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XIV

Then I reach, I must believe, .

Not her soul in vain,

For to me again
It reaches, and past retrieve
Is wound in the toils I weave;

XV

And must follow as I require,

As befits a thrall,

Bringing flesh and all,
Essence and earth-attire,
To the source of the tractile fire :

XVI

Till the house called hers, not mine,

With a growing weight

Seems to suffocate
If she break not its leaden line
And escape from its close confine.

XVII
Out of doors into the night!

On to the maze

Of the wild wood-ways, Not turning to left nor right From the pathway, blind with sight

XVIII Making thro' rain and wind

O’er the broken shrubs,

'Twixt the stems and stubs, With a still, composed, strong mind, Not a care for the world behind

XIX

Swifter and still more swift,

As the crowding peace

Doth to joy increase
In the wide blind eyes uplift
Thro' the darkness and the drift!

XX

While 1-to the shape, I too

Feel my soul dilate:

Nor a whit abate,
And relax not a gesture due,
As I see my belief come true.

XXI

For, there ! have I drawn or no

Life to that lip ?

Do my fingers dip
In a flame which again they throw
On the cheek that breaks a-glow ?

XXII
Ha! was the hair so first ?

What, unfilleted,

Made alive, and spread Through the void with a rich outburst, Chestnut gold-interspersed ?

XXIII

Like the doors of a casket-shrine,

See, on either side,

Her two arms divide Till the heart betwixt makes sign, “ Take me, for I am thine ? "

.

XXIV
“Now—now”--the door is heard !

Hark, the stairs ! and near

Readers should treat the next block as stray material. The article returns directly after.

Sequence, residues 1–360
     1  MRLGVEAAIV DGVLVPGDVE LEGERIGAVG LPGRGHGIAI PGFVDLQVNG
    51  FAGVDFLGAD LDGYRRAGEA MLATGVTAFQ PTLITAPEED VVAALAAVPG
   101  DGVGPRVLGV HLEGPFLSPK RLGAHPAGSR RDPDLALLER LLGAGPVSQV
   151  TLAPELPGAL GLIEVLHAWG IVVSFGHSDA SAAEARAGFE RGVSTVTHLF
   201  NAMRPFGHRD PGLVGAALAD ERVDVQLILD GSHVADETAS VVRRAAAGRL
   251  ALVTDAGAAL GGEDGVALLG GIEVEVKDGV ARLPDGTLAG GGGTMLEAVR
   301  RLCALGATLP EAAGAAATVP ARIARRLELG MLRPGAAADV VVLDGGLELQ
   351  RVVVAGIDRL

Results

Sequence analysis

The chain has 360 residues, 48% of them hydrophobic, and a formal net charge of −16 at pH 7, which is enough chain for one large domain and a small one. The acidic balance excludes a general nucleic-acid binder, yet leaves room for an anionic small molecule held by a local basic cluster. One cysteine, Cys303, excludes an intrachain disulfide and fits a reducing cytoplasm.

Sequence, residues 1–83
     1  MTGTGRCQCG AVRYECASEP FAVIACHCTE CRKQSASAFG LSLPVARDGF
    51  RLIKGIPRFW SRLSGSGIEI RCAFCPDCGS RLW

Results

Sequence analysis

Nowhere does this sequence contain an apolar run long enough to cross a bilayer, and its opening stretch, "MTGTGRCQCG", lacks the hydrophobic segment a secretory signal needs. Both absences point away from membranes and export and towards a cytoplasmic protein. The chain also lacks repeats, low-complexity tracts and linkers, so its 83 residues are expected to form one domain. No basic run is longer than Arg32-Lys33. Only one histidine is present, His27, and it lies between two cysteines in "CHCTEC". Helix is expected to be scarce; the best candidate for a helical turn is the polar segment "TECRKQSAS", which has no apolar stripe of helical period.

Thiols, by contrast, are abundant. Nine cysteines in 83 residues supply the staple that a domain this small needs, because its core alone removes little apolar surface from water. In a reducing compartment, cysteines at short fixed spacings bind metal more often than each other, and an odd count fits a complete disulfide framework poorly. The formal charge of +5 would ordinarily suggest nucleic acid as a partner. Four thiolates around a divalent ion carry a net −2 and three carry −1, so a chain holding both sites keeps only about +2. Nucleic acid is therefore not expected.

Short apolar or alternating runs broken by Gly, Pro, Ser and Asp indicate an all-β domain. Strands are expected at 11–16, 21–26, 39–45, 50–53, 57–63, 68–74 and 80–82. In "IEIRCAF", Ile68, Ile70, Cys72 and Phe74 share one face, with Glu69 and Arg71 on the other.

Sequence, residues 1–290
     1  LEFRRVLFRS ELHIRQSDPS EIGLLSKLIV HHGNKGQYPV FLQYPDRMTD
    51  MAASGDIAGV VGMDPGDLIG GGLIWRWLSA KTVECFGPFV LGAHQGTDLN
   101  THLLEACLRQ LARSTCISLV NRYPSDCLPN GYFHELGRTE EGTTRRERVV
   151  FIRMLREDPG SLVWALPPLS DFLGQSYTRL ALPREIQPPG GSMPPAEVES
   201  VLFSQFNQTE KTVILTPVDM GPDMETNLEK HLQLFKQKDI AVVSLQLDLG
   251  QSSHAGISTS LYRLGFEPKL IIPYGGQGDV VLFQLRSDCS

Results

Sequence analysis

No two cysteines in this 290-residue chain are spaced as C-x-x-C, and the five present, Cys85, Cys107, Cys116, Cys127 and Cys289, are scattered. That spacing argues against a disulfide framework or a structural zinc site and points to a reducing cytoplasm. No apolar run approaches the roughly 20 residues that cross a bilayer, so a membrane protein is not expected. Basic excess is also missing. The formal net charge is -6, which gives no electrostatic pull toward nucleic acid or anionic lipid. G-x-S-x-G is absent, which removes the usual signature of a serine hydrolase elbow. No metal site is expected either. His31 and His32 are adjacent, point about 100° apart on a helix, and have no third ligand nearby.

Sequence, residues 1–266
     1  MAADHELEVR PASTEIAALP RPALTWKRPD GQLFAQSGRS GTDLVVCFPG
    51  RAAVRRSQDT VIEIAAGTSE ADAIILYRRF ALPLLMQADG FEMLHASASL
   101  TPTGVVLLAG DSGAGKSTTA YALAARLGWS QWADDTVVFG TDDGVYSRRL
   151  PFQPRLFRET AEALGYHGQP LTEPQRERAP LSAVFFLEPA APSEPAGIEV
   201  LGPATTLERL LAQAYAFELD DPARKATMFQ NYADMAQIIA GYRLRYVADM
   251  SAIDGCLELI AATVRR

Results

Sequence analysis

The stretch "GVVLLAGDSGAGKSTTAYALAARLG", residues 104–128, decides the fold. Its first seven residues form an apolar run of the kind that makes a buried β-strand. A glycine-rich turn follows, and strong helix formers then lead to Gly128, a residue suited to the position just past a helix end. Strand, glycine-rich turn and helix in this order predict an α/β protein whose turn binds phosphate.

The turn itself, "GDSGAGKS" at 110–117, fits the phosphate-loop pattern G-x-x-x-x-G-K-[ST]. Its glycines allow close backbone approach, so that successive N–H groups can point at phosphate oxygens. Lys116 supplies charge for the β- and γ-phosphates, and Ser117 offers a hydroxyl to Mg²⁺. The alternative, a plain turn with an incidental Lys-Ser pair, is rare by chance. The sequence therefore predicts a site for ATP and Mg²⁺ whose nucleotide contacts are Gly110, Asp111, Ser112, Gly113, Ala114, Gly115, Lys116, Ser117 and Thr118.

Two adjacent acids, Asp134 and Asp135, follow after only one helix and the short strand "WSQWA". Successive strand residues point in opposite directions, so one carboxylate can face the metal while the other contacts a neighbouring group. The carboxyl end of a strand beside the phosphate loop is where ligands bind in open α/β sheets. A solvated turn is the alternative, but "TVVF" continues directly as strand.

Nearer-and here-
“Now!” and, at call the third,
She enters without a word.

XXV
On doth she march and on

:To the fancied shape;

It is, past escape,
Herself, now : the dream is done
And the shadow and she are one.

XXVI

First, I will pray. Do Thou

That ownest the soul,

Yet wilt grant control
To another, nor disallow
For a time, restrain me now!

XXVII
I admonish me while I may,

Not to squander guilt,

Since require Thou wilt
At my hand its price one day !
What the price is, who can say ?

: BY THE FIRESIDE.

How well I know what I mean to do

When the long dark autumn evenings come: And where, my soul, is thy pleasant hue ?

With the music of all thy voices, dumb In life's November too !

I shall be found by the fire, suppose,

O'er a great wise book, as beseemeth age ; While the shutters flap as the cross-wind blows,

And I turn the page, and I turn the page,
Not verse now, only prose !

III
Till the young ones whisper, finger on lip,

“ There he is at it, deep in Greek : “ Now then, or never, out we slip

“To cut from the hazels by the creek “A mainmast for our ship!"

IV.
I shall be at it indeed, my friends!

Greek puts already on either side
Such a branch-work forth as soon extends .

To a vista opening far and wide,
And I pass out where it ends.

The outside frame, like your hazel-trees

But the inside-archway widens fast, And a rarer sort succeeds to these,

And we slope to Italy at last
And youth, by green degrees.

VI
I follow wherever I am led,

Knowing so well the leader's hand :
Oh woman-country, wooed not wed,

Loved all the more by earth's male-lands,
Laid to their hearts instead !

VII
Look at the ruined chapel again

Half-way up in the Alpine gorge! ...

Is that a tower, I point you plain,

Or is it a mill, or an iron forge Breaks solitude in vain ?

VIII A turn, and we stand in the heart of things ;

The woods are round us, heaped and dim ; From slab to slab how it slips and springs,

The thread of water single and slim,
Through the ravage some torrent brings !

IX
Does it feed the little lake below ?

That speck of white just on its marge
Is Pella ; see, in the evening-glow,

How sharp the silver spear-heads charge
When Alp meets heaven in snow !

X
On our other side is the straight-up rock;

And a path is kept 'twixt the gorge and it By boulder-stones where lichens mock

The marks on a moth, and small ferns fit Their teeth to the polished block.

XI Oh the sense of the yellow mountain-flowers,

And thorny balls, each three in one, The chestnuts throw on our path in showers !

For the drop of the woodland fruit 's begun, These early November hours,

XII

That crimson the creeper's leaf across

Like a splash of blood, intense, abrupt, O'er a shield else gold from rim to boss,

And lay it for show on the fairy-cupped ::: Elf-needled mat of moss,

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